MGM Resorts may be experiencing a change of heart about buying troubled casino operator Wynn Resorts after initially indicating such a move was unlikely, according to a report.
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Sources familiar with the situation told the New York Post that MGM has recently come back into discussions to buy the resort “in the form of back-channel approaches.”
The report counters previous statements from MGM’s chief executive, James Murren, who in February said it was unlikely that his company or others would make a serious bid for Wynn, simply because of how big it is.
“It would be difficult to believe some entity is going to have the financial wherewithal to make a serious bid for them,” Murren told Bloomberg in February, adding that he thinks the days of “megadeals” are over.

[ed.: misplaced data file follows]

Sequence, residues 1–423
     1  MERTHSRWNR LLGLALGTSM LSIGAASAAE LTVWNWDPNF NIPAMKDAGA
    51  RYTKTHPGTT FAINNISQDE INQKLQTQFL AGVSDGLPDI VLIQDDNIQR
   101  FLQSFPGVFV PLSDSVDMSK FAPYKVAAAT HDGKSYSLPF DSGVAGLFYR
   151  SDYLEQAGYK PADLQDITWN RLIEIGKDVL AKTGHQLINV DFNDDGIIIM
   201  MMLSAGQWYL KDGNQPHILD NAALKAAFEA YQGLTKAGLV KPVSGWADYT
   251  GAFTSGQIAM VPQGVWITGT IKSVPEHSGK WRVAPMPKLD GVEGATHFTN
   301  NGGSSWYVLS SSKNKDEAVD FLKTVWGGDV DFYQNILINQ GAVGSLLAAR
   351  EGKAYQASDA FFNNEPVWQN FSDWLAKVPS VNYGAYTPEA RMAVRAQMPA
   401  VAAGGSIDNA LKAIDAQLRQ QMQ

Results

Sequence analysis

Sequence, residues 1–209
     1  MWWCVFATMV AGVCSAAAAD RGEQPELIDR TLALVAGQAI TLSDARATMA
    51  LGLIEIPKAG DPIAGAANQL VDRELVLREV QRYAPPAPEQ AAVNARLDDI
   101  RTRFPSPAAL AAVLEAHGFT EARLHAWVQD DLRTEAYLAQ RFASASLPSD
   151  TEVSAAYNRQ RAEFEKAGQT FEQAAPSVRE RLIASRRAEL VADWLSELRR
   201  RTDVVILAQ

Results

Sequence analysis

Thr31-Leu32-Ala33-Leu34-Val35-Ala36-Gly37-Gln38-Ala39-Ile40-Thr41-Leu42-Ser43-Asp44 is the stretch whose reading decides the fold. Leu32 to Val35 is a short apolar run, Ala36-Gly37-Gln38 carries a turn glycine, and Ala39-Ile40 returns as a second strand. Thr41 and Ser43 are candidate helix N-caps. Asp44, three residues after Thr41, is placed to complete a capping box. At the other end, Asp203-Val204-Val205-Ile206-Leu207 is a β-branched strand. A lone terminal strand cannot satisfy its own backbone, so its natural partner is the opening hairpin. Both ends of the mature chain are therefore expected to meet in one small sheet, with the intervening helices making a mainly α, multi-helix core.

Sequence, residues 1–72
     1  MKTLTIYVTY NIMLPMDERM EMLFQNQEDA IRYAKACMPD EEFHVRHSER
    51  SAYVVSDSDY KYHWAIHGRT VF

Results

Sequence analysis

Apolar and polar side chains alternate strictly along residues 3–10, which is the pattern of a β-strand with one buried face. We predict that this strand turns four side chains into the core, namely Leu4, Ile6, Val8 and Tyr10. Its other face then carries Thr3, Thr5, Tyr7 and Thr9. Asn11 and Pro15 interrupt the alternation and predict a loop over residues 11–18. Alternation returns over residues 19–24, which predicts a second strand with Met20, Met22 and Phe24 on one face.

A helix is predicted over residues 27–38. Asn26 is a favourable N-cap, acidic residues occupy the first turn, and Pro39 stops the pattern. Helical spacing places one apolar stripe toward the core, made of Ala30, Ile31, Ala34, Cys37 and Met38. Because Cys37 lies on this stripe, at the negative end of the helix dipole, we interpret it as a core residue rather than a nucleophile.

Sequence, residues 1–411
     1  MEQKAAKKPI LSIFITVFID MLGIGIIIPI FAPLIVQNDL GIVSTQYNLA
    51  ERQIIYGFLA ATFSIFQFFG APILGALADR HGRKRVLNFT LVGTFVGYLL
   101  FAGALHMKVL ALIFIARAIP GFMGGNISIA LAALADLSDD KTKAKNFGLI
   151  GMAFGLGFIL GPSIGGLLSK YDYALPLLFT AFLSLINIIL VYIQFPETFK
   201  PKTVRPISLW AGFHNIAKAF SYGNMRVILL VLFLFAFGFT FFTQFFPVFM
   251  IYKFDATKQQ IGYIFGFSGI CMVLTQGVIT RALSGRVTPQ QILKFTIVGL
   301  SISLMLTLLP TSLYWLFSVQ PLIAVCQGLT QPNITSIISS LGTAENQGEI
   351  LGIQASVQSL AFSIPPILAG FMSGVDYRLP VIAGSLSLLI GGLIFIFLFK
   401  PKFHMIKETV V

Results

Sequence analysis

But Murren did add that everyone “admires the assets of Wynn Resorts” because of the company’s very high quality, which could have prompted his change of tune.
Also, the fact that its ousted founder, Steve Wynn, who recently sold all of his shares in the company a few weeks ago could have pushed things along. Wynn's sale of his shares follows a barrage of sex-harassment allegations from employees surfaced in late January.
Yet, according to the New York Post, Wynn’s new CEO Matt Maddox isn’t looking for a buyer, but would be interested if “he got the right price.”
But sources added that there is only a 50% chance the companies reach a deal within the next several months, with other sources cautioning that “no official talks” have taken place, according to the Post.
A spokesperson for MGM declined to comment on the situation and a Wynn spokesperson had not immediately responded by the time of publication.
If the deal happens, it would be the second time that MGM has acquired a group of Vegas strip properties developed by Wynn. The first was in 2000, when it paid $4.4 billion for Mirage Resorts.